46 MIN3 w ago
Comments
316: Legendary Investor Ben Horowitz Talks Moving Culture, Enforcing Values, And His Favorite Rap Album

315: From Elaborate Events to a Major Ski Resort: How the Summit Brand Expanded Into A Global Empire

In 2008, Jeff Rosenthal and his co-founders Elliott Bisnow and Brett Leve convinced 19 people they admired to go on a ski trip with them to Park City, Utah. They wanted to spend one-on-one time with this small group of thought leaders to learn from them and glean some knowledge. Little did they know that this was only the beginning of their long and successful entrepreneurial journey. What started off as a small event production company has morphed into a global behemoth that includes everything from nonprofits to funds to a major ski resort that all fall under the Summit brand. While the company is still primarily known for its famous invitation-only events, its biggest impact is its tight-knit community of innovative, creative individuals from around the world. In this podcast episode, Rosenthal talks about Summit’s explosive growth, what it takes to host a truly extraordinary event, and more entrepreneurial gold. If there’s any other type of content you’d like to see that would be valuable to you during this time, please don’t hesitate to reach out at support@foundr.com. Key Takeaways What inspired Rosenthal and his co-founders to start their event production company Summit in 2008 How Summit expanded into a family of companies, nonprofits, and funds over the last 12 years What makes a spectacular event, according to Rosenthal Why Rosenthal believes “keep it real” is terrible advice when it comes to events, and what he recommends instead The importance of leadership when it comes to event planning The correlation between creativity and capital How Rosenthal manages to lead the multiple entities under Summit The best advice on delegation Rosenthal received from his mentor Why profitability isn’t the only measure of an event’s success What it takes to attract top-notch speakers (and how to set them up for success) The way Rosenthal approaches balancing quality of experience and scaling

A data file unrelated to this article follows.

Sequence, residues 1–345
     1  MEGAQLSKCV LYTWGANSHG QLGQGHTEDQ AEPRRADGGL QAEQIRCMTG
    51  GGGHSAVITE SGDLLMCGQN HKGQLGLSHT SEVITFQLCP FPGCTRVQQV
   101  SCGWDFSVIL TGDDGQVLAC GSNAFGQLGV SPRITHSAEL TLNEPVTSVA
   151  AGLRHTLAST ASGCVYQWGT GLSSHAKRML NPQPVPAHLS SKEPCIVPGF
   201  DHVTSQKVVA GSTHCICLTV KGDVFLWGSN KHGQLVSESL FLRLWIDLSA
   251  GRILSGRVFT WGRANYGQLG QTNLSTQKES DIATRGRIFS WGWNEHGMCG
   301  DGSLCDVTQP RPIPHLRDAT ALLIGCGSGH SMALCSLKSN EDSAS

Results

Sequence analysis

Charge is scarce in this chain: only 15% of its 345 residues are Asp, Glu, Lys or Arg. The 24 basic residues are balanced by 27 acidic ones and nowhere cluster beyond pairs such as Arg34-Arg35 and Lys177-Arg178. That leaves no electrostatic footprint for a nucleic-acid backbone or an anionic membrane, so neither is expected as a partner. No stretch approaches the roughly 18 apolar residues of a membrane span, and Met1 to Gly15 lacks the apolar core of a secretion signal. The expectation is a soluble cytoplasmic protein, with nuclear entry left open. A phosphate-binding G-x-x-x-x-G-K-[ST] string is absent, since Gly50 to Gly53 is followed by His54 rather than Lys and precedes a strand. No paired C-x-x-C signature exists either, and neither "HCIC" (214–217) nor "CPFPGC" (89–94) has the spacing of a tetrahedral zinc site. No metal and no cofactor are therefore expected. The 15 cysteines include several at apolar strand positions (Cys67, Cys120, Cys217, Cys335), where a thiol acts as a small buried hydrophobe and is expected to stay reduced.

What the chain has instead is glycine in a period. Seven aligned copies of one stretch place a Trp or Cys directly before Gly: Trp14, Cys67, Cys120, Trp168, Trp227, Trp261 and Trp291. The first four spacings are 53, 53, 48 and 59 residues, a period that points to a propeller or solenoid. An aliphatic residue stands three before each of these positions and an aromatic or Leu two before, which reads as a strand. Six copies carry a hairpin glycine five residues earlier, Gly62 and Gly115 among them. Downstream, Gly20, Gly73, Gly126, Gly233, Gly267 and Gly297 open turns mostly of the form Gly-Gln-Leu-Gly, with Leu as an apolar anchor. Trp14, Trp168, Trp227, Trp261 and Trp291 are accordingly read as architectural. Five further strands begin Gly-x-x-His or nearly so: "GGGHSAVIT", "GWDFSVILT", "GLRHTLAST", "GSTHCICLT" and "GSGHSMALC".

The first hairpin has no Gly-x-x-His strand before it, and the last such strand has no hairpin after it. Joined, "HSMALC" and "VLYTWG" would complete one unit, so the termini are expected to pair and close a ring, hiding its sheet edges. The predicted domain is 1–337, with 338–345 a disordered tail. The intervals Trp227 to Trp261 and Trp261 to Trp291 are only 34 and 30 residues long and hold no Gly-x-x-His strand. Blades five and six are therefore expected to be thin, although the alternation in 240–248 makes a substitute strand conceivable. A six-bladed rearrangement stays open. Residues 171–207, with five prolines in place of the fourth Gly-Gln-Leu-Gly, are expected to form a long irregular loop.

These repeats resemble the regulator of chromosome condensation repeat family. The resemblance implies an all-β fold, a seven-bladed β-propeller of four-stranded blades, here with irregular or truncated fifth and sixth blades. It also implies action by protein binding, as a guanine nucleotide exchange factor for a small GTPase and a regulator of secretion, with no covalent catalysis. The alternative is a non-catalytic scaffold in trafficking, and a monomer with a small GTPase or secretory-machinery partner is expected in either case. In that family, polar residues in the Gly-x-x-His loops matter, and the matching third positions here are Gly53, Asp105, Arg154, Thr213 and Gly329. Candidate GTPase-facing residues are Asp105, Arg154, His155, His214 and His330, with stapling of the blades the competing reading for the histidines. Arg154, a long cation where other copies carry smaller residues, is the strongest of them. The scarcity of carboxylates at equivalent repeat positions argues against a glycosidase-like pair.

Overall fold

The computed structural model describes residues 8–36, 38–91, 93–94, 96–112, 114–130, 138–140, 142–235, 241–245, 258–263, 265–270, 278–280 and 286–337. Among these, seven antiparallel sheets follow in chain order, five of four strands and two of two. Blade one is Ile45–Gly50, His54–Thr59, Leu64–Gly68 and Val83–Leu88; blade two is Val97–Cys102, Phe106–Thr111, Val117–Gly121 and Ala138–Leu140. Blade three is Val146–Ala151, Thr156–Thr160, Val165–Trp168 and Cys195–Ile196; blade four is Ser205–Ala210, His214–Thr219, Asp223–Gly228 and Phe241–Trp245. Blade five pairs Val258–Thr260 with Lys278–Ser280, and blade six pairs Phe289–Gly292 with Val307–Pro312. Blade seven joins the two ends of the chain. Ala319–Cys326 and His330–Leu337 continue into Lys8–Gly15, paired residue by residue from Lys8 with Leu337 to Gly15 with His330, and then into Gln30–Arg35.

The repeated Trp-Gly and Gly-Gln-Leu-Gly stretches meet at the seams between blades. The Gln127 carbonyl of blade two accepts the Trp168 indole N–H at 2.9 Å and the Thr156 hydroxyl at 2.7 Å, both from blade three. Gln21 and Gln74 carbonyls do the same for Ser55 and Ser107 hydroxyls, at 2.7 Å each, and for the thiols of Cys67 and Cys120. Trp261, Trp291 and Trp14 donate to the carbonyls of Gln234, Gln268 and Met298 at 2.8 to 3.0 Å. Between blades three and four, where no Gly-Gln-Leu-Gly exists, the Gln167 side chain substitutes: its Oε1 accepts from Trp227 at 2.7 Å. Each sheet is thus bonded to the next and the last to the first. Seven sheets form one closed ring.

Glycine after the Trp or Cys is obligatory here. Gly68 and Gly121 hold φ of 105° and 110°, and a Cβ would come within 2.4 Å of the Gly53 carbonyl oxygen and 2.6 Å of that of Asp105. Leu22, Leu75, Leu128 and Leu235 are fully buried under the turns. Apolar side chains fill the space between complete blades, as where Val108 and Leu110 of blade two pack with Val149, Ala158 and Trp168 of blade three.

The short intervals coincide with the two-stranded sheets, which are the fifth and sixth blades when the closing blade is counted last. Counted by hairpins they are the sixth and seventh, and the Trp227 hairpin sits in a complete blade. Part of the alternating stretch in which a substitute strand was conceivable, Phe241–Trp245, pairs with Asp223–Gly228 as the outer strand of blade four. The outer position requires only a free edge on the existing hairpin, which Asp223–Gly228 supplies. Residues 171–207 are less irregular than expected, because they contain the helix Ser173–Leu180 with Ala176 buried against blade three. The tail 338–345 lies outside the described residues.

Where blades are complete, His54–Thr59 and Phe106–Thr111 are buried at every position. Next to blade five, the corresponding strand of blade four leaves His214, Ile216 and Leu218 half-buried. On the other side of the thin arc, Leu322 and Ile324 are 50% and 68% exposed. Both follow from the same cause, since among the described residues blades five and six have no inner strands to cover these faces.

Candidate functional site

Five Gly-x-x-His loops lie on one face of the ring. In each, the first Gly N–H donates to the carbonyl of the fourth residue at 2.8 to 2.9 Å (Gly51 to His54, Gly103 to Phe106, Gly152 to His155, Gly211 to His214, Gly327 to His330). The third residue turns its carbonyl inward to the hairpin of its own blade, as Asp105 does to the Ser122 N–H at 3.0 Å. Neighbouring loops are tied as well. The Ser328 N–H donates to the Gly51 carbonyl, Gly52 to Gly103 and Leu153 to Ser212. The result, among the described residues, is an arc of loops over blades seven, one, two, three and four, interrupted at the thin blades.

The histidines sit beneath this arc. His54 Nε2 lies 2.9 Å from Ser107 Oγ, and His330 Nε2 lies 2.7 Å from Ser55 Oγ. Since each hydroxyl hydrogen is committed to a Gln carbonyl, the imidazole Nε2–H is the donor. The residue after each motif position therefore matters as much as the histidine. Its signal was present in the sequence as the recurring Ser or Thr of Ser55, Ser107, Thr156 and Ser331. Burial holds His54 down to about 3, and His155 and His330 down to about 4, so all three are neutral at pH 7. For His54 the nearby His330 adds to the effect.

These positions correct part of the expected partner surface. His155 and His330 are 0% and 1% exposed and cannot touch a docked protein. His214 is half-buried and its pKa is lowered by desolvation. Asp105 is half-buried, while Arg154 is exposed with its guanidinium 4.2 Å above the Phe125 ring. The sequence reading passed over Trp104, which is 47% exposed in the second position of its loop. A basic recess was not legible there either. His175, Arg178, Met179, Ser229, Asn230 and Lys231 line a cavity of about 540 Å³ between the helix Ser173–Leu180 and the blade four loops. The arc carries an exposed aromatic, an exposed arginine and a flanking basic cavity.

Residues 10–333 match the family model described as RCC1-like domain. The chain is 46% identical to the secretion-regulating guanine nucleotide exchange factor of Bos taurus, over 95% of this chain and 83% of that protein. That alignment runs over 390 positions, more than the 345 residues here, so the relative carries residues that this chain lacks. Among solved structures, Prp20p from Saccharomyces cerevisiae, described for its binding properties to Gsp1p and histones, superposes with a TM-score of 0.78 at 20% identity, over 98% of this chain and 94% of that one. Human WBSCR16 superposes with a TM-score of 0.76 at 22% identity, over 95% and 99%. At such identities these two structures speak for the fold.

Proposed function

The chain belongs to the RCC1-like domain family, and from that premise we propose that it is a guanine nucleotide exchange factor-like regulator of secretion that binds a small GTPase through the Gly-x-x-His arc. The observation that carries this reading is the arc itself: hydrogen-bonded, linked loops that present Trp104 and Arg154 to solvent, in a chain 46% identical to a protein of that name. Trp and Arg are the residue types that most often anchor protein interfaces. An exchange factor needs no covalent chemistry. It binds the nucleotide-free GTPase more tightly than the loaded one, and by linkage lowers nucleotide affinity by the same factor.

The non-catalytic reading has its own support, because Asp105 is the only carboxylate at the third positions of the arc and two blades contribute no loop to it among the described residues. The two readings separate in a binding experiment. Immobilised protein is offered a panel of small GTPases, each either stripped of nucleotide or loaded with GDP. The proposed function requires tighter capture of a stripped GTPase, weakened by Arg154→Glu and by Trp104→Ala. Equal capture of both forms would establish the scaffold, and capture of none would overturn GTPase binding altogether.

52 MINJUL 14
Comments
315: From Elaborate Events to a Major Ski Resort: How the Summit Brand Expanded Into A Global Empire

314: From Stay-At-Home Mom to an $845M Acquisition: How Drunk Elephant’s Tiffany Masterson Made The Leap